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Andreas Dresen


Edited By Julian Preece and Nick Hodgin

Andreas Dresen is a leading European filmmaker whose œuvre now spans three decades and includes some of the most acclaimed German films of recent times, such as Halbe Treppe (Grill Point, 2002), Sommer vorm Balkon (Summer in Berlin, 2005) and Halt auf freier Strecke (Stopped on Track, 2011). The essays collected in this volume by leading scholars from the USA, UK and Ireland place him in the tradition of auteur cinema while emphasising his roots in the pre-1990 film industry of DEFA in the GDR. Dresen works with an established team of performers, technicians and scriptwriters, uses improvisation and non-professional actors, and makes music and song an integral component of many of his films. He is a scholar-filmmaker who pushes at the boundaries of his chosen modes and genres (documentary, neo-realism, films about films or literary adaptation); he is socially committed, casting a Brechtian eye on interpersonal encounters in neoliberal environments; and he is always interested to tell universal stories from the localities he knows best, the working-class milieus of Germany’s east.

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Visions of the Wende in Adaptations of Contemporary Fiction by Jurek Becker, Christoph Hein and Clemens Meyer (Julian Preece)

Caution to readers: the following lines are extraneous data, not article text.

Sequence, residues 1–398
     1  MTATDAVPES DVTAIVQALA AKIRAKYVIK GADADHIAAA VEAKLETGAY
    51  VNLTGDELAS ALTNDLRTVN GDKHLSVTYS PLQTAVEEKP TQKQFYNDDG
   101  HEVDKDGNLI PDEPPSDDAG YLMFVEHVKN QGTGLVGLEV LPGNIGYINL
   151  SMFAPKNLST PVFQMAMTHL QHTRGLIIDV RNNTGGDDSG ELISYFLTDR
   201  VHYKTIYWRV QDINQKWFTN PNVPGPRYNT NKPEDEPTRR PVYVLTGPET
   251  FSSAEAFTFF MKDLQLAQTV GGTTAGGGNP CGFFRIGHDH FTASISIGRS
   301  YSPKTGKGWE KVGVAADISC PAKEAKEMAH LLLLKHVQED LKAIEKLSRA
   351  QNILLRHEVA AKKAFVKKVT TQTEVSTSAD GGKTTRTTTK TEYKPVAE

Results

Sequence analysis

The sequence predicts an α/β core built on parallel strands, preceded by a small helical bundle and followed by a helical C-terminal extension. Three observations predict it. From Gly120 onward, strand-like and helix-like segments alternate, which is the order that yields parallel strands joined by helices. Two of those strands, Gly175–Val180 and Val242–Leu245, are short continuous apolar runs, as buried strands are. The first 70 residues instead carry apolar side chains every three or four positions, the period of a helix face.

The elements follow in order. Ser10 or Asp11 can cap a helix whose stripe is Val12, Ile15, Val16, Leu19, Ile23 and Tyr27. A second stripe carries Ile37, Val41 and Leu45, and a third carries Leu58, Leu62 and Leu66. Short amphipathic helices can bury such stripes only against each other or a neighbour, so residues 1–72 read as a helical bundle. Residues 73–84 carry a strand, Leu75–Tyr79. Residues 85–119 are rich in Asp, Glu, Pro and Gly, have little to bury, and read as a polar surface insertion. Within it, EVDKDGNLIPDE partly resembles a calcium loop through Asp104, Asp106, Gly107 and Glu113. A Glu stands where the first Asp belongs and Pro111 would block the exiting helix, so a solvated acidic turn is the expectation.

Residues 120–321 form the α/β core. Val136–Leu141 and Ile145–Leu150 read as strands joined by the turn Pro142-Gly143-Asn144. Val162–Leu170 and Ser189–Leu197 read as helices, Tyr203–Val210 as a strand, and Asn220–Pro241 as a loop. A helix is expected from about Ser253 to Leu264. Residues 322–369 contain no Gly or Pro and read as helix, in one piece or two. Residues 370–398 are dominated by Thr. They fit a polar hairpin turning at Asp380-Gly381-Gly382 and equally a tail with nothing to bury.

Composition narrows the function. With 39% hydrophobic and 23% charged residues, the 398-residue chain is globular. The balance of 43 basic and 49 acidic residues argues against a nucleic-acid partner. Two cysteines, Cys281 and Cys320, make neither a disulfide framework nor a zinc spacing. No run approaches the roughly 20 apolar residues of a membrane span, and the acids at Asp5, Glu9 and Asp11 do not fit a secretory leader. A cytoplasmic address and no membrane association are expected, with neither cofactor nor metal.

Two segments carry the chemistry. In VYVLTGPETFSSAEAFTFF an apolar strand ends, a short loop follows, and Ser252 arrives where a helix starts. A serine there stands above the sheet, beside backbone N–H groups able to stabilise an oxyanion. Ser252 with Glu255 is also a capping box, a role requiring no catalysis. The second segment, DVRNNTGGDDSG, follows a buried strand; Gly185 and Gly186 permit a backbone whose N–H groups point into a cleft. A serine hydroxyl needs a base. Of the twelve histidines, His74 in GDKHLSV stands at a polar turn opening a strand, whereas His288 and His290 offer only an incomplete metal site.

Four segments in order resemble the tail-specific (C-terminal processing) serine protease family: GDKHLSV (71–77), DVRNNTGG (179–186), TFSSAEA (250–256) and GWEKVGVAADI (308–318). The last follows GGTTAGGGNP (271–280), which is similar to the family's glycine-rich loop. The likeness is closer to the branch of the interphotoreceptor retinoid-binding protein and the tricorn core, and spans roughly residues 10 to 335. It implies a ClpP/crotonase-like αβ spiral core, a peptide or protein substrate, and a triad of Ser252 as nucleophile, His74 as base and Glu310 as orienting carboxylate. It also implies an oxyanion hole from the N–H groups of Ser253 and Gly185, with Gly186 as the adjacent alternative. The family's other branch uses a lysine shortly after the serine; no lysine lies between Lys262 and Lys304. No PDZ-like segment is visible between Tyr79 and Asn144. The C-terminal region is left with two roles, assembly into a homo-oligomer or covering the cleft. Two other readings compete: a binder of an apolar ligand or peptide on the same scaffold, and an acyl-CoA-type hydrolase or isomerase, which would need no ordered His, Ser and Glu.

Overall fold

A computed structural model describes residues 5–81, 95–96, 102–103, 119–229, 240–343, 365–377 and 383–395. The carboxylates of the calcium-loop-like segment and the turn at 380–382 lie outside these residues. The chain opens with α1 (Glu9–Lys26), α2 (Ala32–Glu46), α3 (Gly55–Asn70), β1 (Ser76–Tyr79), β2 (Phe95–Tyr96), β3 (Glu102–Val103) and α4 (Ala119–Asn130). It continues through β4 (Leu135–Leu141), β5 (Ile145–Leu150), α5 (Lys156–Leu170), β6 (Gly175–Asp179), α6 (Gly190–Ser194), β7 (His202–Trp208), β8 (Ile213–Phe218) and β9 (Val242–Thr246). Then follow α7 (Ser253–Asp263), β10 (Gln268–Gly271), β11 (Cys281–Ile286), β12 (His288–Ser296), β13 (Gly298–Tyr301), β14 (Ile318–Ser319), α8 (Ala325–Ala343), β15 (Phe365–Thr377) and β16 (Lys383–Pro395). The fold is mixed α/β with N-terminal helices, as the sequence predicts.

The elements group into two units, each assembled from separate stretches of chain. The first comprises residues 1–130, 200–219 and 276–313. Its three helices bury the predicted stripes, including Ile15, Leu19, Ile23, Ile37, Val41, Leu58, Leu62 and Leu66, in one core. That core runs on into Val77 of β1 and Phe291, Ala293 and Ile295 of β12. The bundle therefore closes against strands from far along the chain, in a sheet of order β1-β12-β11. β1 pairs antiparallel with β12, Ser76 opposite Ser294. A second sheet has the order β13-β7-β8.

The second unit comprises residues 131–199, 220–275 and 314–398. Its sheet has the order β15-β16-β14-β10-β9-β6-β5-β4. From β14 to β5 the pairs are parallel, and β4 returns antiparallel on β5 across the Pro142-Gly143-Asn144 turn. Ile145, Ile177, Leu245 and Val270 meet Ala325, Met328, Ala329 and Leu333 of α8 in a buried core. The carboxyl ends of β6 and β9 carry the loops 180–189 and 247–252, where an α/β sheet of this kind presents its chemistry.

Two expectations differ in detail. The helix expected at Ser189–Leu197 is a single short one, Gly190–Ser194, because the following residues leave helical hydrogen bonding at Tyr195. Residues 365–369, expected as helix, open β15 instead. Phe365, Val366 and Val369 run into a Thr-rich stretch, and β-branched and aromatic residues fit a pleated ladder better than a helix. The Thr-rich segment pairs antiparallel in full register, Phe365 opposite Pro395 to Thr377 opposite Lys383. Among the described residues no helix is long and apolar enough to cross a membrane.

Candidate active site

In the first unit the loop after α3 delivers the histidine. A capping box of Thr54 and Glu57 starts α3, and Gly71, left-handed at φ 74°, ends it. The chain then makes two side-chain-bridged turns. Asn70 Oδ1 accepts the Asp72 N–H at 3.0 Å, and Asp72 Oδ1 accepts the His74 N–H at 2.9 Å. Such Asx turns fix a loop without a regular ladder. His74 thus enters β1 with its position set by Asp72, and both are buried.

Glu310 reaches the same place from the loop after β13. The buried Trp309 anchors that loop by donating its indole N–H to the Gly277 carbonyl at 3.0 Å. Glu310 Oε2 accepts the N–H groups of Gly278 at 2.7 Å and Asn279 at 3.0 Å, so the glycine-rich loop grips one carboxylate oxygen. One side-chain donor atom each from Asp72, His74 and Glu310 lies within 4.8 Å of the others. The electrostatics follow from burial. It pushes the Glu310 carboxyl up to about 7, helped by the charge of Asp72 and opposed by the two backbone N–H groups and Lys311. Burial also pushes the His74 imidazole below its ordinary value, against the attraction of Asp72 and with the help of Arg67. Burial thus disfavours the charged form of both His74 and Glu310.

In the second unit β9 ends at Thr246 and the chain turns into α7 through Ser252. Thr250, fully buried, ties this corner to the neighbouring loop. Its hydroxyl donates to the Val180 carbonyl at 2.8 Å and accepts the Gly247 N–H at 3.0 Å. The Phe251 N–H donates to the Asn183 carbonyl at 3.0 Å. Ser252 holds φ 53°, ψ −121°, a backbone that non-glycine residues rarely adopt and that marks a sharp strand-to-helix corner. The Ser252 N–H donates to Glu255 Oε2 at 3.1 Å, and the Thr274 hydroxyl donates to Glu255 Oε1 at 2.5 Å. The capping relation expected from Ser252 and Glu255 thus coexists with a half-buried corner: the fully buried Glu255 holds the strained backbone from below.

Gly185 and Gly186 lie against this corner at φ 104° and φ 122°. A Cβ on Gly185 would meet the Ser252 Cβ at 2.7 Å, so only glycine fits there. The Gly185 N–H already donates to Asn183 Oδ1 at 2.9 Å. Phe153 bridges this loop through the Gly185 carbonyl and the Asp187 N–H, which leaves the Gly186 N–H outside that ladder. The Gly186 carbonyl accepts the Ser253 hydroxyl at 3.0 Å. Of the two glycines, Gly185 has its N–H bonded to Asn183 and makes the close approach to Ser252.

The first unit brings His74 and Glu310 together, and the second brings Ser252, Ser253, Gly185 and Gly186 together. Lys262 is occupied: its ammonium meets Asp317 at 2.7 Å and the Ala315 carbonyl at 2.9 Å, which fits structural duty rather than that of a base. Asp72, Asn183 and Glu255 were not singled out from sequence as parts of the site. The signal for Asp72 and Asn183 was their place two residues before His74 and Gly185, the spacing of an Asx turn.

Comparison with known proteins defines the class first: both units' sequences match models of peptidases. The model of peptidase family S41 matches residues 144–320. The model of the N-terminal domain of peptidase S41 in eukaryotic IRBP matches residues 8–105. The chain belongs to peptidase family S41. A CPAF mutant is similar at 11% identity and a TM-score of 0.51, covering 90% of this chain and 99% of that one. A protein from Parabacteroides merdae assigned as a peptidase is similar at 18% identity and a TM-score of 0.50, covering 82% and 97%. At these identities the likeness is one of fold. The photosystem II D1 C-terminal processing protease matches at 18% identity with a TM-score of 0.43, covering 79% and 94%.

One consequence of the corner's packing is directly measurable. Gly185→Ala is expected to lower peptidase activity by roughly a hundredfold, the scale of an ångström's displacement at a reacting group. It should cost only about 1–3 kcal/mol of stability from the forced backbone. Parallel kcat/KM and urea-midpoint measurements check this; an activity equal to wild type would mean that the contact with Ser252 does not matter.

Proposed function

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Visions of the Wende in Adaptations of Contemporary Fiction by Jurek Becker, Christoph Hein and Clemens Meyer

Andreas Dresen’s three major literary adaptations, which neatly span his career so far, are from works of fiction by celebrated male authors closely associated with the GDR.1 Their ostensible theme each time is the former East German republic itself or the momentous Wende period and its aftermath. The three films are So schnell es geht nach Istanbul (1990, from Jurek Becker’s short story ‘Romeo’), Willenbrock (2005, from the novel by Christoph Hein) and Als wir träumten (2015, from the novel by Clemens Meyer). As Mary-Elizabeth O’Brien explains in her chapter, the three authors straddle Dresen’s generation: Becker (1937–97) and Hein (b. 1944) were well established in both German states by 1989 but either still lived and wrote in the East (Hein) or continued to write about it (Becker), while Meyer (b. 1976) speaks for those born in the GDR whose adolescence was cut in two by the collapse of that state. For Dresen the three adaptations are thus further GDR collaborations to add to those with former DEFA actors, technicians and scriptwriters.2 While the Wende itself impinges in one way or another on most of his films, it is (with the exception of Stilles ← 193 | 194 → Land) in this trio of literary adaptations where he addresses and depicts it most directly. Through comparing the East–West theme in the three literary sources...

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